Wednesday, February 21, 2007

The Last King of Scotland (2006)

There's a pretty great movie that almost claws its way through the messy sprawl of The Last King of Scotland. This movie is about the phenomenon that was Idi Amin, as experienced and gradually realized by a cultural outsider. Rather than making a movie like Out of Africa, wherein a heroic white person signifies the oppression and hardship of Third World countries even as they fight for relief from these things, director Kevin Macdonald consciously keeps Dr. Nicolas Garrigan isolated and separate. He even has Forest Whitaker, as Idi Amin, spit out a last-minute rebuke to that sort of implicitly-racist filmmaking, accusing Garrigan of playing the crusading white man in a country that didn't ask for his help. (Also note that ultimately it's the white man who needs saving by a black man.) This movie is raw, creepy and queasily funny, and it's anchored by a justly-acclaimed performance by Whitaker; he gets a lot of big actorly moments playing the outsized Amin, the kind of moments that win Oscars, but I think the true measure of the performance is the handful of quiet moments he pulls off and how quickly his Amin can go from frightening to jovial in the space of a smile. Unfortunately, this film keeps getting interrupted by some other movie about all the stupid stuff that Garrigan does, especially in regards to his libido. The subplot involving the dangerous development of an attachment between him and Amin's third wife Kay (played, with typical panache undeserved by the role, by Kerry Washington) might be the dumbest thing I've seen in a "reputable" film from 2006. This obsession with following the foolish Garrigan, especially in a narrative that ultimately declares him a fool, cripples what could have been a fine dramatization of an ugly time in world history. Pity.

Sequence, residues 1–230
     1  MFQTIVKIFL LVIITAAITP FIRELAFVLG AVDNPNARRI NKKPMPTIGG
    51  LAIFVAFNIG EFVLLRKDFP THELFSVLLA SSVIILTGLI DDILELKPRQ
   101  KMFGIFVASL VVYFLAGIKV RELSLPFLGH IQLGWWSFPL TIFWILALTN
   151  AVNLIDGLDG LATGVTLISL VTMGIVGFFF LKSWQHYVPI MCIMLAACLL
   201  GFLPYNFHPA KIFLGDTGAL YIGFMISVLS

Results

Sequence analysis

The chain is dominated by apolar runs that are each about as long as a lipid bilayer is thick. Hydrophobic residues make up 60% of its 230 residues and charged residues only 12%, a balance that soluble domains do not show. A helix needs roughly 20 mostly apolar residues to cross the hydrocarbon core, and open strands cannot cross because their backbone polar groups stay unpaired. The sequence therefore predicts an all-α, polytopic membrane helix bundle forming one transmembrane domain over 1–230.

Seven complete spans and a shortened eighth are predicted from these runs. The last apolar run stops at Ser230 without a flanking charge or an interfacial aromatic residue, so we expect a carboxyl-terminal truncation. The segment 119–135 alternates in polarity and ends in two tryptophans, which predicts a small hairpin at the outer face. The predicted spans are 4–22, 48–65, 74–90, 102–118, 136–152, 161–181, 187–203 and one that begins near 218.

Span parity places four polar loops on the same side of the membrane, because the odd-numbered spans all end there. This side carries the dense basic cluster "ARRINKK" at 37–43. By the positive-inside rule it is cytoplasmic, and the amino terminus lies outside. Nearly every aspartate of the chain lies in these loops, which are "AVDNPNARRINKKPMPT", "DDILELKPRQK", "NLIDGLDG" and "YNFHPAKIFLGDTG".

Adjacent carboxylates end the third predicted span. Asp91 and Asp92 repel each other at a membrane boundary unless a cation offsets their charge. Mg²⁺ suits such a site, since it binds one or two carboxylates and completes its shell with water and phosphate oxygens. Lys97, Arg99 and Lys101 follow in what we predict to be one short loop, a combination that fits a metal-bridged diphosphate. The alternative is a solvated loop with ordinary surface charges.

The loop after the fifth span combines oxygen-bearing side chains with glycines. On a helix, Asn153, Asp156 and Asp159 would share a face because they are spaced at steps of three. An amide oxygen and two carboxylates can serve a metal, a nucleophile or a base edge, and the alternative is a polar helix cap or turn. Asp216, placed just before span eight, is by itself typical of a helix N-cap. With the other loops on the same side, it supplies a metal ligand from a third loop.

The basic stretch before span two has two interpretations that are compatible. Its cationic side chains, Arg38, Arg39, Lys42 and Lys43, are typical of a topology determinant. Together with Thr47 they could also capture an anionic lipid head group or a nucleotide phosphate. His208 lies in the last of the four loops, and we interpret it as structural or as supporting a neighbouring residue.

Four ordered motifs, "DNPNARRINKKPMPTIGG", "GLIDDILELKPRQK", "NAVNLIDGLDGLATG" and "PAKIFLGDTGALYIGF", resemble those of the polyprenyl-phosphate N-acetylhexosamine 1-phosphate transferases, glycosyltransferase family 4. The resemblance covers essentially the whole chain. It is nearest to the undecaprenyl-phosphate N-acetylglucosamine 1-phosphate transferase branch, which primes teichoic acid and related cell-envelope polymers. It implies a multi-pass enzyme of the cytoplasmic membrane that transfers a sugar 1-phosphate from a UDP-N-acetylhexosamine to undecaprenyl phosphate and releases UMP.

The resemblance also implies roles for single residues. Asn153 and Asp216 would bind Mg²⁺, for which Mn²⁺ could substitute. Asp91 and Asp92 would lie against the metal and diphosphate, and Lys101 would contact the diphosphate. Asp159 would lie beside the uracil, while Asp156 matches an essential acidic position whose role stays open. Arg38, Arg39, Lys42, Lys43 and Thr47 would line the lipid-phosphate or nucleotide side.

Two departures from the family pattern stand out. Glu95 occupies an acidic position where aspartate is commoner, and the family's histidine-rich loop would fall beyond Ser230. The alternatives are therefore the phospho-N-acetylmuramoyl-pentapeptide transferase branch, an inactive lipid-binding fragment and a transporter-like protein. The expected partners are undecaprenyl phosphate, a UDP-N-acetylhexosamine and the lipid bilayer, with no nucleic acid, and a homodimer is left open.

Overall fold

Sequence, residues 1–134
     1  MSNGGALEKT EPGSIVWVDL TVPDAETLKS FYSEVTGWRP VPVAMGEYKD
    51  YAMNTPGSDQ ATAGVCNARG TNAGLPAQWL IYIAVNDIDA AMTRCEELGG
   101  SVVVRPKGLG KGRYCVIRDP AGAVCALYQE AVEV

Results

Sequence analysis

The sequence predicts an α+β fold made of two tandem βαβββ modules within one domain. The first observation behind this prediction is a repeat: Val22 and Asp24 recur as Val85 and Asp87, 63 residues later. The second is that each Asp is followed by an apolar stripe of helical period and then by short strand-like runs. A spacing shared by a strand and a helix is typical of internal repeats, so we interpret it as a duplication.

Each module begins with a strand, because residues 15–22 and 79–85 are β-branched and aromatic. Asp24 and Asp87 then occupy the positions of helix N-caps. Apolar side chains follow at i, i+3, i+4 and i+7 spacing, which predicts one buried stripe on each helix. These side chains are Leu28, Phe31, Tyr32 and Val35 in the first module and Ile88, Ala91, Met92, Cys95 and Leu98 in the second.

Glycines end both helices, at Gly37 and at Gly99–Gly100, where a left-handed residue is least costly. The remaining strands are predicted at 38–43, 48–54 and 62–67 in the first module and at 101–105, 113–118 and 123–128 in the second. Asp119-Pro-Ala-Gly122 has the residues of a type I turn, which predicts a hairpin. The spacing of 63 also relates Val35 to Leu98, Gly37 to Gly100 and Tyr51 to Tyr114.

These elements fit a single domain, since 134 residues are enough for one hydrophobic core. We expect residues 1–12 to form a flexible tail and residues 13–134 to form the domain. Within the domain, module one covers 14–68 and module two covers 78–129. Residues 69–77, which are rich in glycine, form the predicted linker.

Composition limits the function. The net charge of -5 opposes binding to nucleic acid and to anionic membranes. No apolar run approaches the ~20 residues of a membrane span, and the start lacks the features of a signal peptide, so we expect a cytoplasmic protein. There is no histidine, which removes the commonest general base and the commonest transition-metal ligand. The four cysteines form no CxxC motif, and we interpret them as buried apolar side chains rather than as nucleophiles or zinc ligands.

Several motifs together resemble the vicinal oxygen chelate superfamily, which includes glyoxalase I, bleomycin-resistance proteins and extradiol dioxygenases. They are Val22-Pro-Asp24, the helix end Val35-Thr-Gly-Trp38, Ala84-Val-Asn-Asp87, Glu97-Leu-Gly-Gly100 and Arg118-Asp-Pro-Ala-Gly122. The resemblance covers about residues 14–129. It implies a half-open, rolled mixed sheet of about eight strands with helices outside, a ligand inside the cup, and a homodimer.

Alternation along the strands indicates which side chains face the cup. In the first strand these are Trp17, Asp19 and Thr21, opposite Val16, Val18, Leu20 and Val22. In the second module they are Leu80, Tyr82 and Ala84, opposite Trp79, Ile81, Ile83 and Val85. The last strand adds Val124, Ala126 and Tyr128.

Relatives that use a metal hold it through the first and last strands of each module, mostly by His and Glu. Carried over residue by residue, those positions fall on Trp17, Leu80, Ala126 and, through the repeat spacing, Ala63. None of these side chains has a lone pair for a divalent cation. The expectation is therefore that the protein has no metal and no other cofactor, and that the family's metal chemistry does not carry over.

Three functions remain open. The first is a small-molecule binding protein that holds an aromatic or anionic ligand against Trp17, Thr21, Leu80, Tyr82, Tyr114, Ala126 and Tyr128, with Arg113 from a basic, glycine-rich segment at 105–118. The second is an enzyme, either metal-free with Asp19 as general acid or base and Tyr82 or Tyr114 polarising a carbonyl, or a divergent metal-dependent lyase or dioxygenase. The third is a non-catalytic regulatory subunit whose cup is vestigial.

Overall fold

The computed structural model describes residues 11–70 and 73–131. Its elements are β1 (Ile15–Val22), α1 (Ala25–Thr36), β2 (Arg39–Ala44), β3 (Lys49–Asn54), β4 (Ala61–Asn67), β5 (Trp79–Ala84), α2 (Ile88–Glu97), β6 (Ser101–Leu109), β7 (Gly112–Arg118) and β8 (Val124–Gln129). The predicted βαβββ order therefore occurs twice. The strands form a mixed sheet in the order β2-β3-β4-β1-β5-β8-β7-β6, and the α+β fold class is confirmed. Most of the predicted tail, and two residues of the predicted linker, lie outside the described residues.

Grade: C+


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